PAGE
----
FDA To Investigate Cardiac Risks Associated With Heartburn Drugs
FDA on Thursday announced that it will take three months to conduct an analysis of cardiac risks associated with AstraZeneca's heartburn drugs Prilosec and Nexium in response to two studies suggesting increased risk of heart attacks and heart failure for patients taking the drugs, the New York Times reports (Harris, New York Times, 8/10).
The agency said there is no concrete evidence of such risks. Both FDA and Health Canada said patients and doctors should continue to use and prescribe the drugs (AP/Long Island Newsday, 8/9).
The company on May 29 sent FDA the results of a 14-year study on Prilosec and an ongoing study on Nexium (New York Times, 8/10). The studies, which involve a few hundred patients with gastroesophogeal reflux disease, compare results of patients taking heartburn drugs with those undergoing surgery.
The Prilosec study showed that 17 patients taking the drug experienced serious heart problems, compared with eight in the surgery group. However, patients in the drug group appeared to be older and in poorer health before the study began, which could help explain the outcomes. Six patients in the Prilosec group had experienced previous heart attacks, compared with none in the surgery group (Alonso-Zaldivar, Los Angeles Times, 8/10).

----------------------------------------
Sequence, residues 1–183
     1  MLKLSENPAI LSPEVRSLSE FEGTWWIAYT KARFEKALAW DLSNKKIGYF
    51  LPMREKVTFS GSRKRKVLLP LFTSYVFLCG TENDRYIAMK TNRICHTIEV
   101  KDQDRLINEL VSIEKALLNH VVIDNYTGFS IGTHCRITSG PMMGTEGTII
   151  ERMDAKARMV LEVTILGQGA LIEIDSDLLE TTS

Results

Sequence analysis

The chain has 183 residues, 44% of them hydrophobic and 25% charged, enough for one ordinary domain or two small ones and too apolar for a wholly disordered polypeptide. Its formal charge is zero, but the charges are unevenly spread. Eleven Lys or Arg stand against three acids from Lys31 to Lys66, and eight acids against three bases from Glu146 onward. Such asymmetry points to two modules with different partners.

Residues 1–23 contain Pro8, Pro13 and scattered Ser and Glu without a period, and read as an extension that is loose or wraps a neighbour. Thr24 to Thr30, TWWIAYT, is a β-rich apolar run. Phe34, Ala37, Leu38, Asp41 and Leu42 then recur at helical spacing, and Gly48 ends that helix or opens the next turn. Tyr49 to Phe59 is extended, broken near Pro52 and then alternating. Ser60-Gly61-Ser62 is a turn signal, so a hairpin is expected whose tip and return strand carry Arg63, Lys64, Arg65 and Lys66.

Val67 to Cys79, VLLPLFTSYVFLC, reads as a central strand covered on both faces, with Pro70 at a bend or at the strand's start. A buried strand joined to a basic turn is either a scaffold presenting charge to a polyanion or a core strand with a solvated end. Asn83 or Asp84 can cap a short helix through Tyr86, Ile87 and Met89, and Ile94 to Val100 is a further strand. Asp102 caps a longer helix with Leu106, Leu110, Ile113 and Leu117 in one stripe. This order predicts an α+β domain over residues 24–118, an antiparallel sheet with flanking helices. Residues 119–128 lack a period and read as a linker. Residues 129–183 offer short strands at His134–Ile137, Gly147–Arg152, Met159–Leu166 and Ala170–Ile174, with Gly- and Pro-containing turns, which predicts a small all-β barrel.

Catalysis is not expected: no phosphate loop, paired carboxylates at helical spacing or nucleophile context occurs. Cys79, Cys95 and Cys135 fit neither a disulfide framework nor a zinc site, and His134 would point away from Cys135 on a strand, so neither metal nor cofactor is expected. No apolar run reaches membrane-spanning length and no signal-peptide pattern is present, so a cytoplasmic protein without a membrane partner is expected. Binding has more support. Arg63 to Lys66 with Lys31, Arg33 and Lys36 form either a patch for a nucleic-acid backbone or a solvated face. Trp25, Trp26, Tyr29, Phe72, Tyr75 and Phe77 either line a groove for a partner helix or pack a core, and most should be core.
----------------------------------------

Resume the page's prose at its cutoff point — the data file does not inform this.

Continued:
The Nexium study initially showed similar risks to the Prilosec study, but the risks abated over time, according to FDA (New York Times, 8/10).
Fourteen other studies of the drugs have shown no increased heart risks, according to FDA, and some found that patients taking the drugs had a lower incidence of cardiac events than those taking a placebo (AP/Long Island Newsday, 8/9).
The agency said, "Based on everything we know now, FDA's preliminary conclusion is that the observed difference in risk of heart attacks and other heart-related problems seen in early analyses of the two small long-term studies is not a true effect." Prilosec and Nexium belong to a class of heartburn drugs known as proton pump inhibitors. FDA has requested safety information on all drugs of this class (New York Times, 8/10).
The announcement marks the agency's first alert issued in the form of an "Early Communication" concerning an ongoing safety review, part of an attempt to more quickly publicize potential health risks associated with drugs (Reichard, CQ HealthBeat, 8/9).
According to Paul Seligman, FDA associate center director for safety policy and communication, the announcement was the earliest public warning the agency has ever made during a safety review (New York Times, 8/10).